The adventurous graphic novelist T. Edward Bak is coming to Kutztown University to speak about another adventurous explorer from the 18th century. Bak’s ‘Wild Man’ tour includes stops at the Center for Cartoon Studies in Vermont, SAW in Gainesville as well as KU. The KU event is Free. Boehm, Lecture Room 261, Tues. Nov. 19 at 7:00 pm.
Bak, who now calls Portland, Oregon home traveled to Alaska’s Aleutian Islands to research “Island of Memory.” The 72-page graphic novel is based on the adventures of the German naturalist Georg Wilhelm Steller.
Steller worked on the ill-fated Russian expedition led by Vitus Bering that explored Alaska in 1741. Steller discovered a number of species of birds and animals unknown to Europeans. The Steller Sea Cow became extinct within a 25 years of his initial description of the docile beast. The Steller Jay, though, is still common on the Pacific coast. It’s similarity to the American Blue Jay led Steller to rightly conclude Alaska was not an island, but part of the North American continent.
Bak’s publisher, Floating World, puts it this way, “Steller’s ﬁrst-hand descriptions of the natural and human worlds at this crossroads of continents illuminate the unique confluence of culture and ecology binding North America to Asia via the North Paciﬁc.” Island of Memory is “Part natural history, part adventure yarn and part experimental narrative, this …fever dream is the artistic realization of Bak’s inquiry into the socio-ecological consequences of empire.”
Bak’s Island of Memory is a labor of love, and only the first installment of a planned four-volume epic work on Steller. In an interview with designer Francois Vigneault, Bak recalled when he first visited to Alaska to work on a ship, “I flew to Sitka, and the minute I stepped off the plane, I realized ‘I’ve been headed here my whole life. I’ve been on a trajectory my entire life to come here.’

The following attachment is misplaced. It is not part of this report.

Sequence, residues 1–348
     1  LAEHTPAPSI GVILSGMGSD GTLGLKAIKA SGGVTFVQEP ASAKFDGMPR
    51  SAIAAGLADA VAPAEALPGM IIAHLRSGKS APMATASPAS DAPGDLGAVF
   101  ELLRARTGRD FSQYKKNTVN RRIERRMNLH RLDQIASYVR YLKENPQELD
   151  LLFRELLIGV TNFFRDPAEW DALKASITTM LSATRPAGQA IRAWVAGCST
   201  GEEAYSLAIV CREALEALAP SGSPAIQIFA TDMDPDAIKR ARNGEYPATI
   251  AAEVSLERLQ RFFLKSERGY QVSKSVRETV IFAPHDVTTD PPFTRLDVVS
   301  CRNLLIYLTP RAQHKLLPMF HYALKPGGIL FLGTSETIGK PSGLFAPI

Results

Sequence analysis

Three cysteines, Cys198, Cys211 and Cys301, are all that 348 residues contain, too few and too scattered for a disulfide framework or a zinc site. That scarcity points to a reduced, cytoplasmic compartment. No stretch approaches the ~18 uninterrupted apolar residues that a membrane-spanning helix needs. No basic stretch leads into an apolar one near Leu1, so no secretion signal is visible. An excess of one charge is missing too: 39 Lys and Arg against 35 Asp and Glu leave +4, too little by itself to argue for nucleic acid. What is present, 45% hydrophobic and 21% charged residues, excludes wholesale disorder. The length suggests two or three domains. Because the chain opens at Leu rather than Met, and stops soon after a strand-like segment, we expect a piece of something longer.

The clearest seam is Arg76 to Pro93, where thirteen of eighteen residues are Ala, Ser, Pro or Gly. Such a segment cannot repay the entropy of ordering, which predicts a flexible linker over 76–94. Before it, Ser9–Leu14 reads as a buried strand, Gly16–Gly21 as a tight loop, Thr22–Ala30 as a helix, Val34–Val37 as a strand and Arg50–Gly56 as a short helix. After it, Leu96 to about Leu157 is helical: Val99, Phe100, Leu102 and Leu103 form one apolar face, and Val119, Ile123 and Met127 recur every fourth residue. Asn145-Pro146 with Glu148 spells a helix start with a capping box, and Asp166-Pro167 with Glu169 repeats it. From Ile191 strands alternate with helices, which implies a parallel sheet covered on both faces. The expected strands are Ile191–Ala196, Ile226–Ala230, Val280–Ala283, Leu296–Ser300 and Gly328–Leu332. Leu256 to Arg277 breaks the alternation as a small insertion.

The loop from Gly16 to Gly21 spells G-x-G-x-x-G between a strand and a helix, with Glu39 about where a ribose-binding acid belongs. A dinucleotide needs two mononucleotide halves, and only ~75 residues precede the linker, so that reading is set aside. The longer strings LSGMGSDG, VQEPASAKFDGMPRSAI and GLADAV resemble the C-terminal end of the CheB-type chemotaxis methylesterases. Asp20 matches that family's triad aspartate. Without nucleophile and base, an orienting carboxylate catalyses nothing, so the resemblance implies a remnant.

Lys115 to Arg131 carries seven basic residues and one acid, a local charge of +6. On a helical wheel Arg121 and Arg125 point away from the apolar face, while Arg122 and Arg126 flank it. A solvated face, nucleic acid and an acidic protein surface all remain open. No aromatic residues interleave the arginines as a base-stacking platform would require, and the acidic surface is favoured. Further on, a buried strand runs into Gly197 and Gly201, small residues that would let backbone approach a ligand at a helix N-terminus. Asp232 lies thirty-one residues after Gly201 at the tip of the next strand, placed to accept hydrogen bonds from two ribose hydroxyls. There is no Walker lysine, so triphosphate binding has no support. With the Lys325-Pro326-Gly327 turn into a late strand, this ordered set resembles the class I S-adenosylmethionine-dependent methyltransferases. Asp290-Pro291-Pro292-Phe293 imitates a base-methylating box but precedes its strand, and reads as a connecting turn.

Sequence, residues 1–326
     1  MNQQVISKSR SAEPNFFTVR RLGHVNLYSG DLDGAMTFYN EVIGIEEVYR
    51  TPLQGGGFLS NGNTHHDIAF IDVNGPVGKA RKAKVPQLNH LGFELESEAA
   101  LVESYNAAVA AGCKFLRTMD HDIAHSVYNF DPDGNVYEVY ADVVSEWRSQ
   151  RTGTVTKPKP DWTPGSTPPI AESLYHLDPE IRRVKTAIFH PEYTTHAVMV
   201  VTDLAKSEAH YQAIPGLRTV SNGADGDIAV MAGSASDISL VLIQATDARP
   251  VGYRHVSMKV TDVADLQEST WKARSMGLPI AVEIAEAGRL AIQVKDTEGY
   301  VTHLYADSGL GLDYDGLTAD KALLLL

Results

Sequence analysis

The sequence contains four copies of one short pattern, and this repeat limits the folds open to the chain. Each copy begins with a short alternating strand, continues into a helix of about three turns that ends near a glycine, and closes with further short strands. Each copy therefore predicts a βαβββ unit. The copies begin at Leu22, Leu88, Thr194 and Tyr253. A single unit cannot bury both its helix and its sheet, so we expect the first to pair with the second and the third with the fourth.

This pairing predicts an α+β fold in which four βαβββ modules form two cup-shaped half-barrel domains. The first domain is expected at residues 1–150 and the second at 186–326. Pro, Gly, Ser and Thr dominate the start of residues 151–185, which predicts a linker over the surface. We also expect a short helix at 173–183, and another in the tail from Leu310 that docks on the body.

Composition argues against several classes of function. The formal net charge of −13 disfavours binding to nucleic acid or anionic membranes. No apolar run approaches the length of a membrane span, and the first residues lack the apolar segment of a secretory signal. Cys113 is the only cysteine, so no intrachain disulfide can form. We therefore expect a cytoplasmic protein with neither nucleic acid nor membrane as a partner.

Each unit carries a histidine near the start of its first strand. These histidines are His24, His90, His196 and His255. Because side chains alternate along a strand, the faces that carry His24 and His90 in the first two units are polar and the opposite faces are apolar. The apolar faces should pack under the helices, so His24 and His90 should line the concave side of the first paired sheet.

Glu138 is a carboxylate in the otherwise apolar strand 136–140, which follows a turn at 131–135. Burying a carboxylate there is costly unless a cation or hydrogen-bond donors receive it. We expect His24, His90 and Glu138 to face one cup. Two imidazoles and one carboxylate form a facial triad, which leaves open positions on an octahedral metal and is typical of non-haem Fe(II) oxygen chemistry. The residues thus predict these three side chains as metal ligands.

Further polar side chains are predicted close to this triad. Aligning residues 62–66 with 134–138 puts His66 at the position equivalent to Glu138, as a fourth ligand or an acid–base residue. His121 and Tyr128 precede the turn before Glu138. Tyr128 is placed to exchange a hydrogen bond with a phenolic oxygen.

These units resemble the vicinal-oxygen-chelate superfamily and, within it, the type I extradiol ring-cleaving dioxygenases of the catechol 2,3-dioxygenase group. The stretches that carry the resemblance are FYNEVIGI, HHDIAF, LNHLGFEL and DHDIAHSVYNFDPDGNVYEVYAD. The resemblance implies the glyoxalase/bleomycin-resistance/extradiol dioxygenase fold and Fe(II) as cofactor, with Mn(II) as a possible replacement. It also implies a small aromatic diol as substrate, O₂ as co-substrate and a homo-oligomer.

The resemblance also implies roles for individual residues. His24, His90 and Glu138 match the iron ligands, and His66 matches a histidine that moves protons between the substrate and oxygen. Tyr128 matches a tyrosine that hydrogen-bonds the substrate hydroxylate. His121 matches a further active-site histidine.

I got on the ship, and the first morning I woke up to the announcement: “We’ve got humpbacks starboard!” and there were humpback whales breaching beside the boat. I ran to the window and flipped out. So there are humpbacks every day. Constantly around the boat, breaching around the boat. There were sea lions constantly. Sea otters! We saw sea otters, like rafts of sea otters, floating out in the passage. And of course there are bears everywhere on the shore, and moose everywhere, wolves and orcas and Dalles porpoises, so many crazy birds. Anyhow, all of this was completely overwhelming for me. I had no idea what to expect. I expected to see wildlife, but not anything like this.”
Bak’s Island of Memory presentation touches on art, ecology, geography and the humanities. The event is co-sponsored by Kutztown’s Modern Language, Geography, and Communication Design Depts. A book signing will follow his illustrated presentation.
One thought on “Bak’s Book: Island of Memory”
Hi. I’m the author of this work and am obligated to correct a couple of errors in the post.
The Second Kamchatka Expedition took place during the 18th century, not the 19th century, therefore the exploration at sea occurred from 1741-1742, not 1841.
Steller was a naturalist and Bering’s personal physician, but he was not an artist (that we know of) and is not listed as a “ship’s surgeon” on the St. Peter’s roster.